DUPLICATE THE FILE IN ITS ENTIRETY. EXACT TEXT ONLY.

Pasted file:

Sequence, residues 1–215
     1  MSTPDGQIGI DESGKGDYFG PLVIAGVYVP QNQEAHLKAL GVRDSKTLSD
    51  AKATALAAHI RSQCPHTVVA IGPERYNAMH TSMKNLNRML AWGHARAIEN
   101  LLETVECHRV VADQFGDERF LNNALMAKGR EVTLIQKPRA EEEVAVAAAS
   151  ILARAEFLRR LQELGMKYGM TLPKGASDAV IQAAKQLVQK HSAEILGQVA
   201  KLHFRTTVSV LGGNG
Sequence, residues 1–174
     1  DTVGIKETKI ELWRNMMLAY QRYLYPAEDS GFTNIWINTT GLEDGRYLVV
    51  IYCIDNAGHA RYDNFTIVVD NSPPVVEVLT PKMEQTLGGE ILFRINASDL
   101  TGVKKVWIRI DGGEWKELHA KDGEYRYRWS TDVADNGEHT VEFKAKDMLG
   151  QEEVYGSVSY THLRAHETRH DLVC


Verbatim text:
Sequence, residues 1–215
     1  MSTPDGQIGI DESGKGDYFG PLVIAGVYVP QNQEAHLKAL GVRDSKTLSD
    51  AKATALAAHI RSQCPHTVVA IGPERYNAMH TSMKNLNRML AWGHARAIEN
   101  LLETVECHRV VADQFGDERF LNNALMAKGR EVTLIQKPRA EEEVAVAAAS
   151  ILARAEFLRR LQELGMKYGM TLPKGASDAV IQAAKQLVQK HSAEILGQVA
   201  KLHFRTTVSV LGGNG
Sequence, residues 1–174
     1  DTVGIKETKI ELWRNMMLAY QRYLYPAEDS GFTNIWINTT GLEDGRYLVV
    51  IYCIDNAGHA RYDNFTIVVD NSPPVVEVLT PKMEQTLGGE ILFRINASDL
   101  TGVKKVWIRI DGGEWKELHA KDGEYRYRWS TDVADNGEHT VEFKAKDMLG
   151  QEEVYGSVSY THLRAHETRH DLVC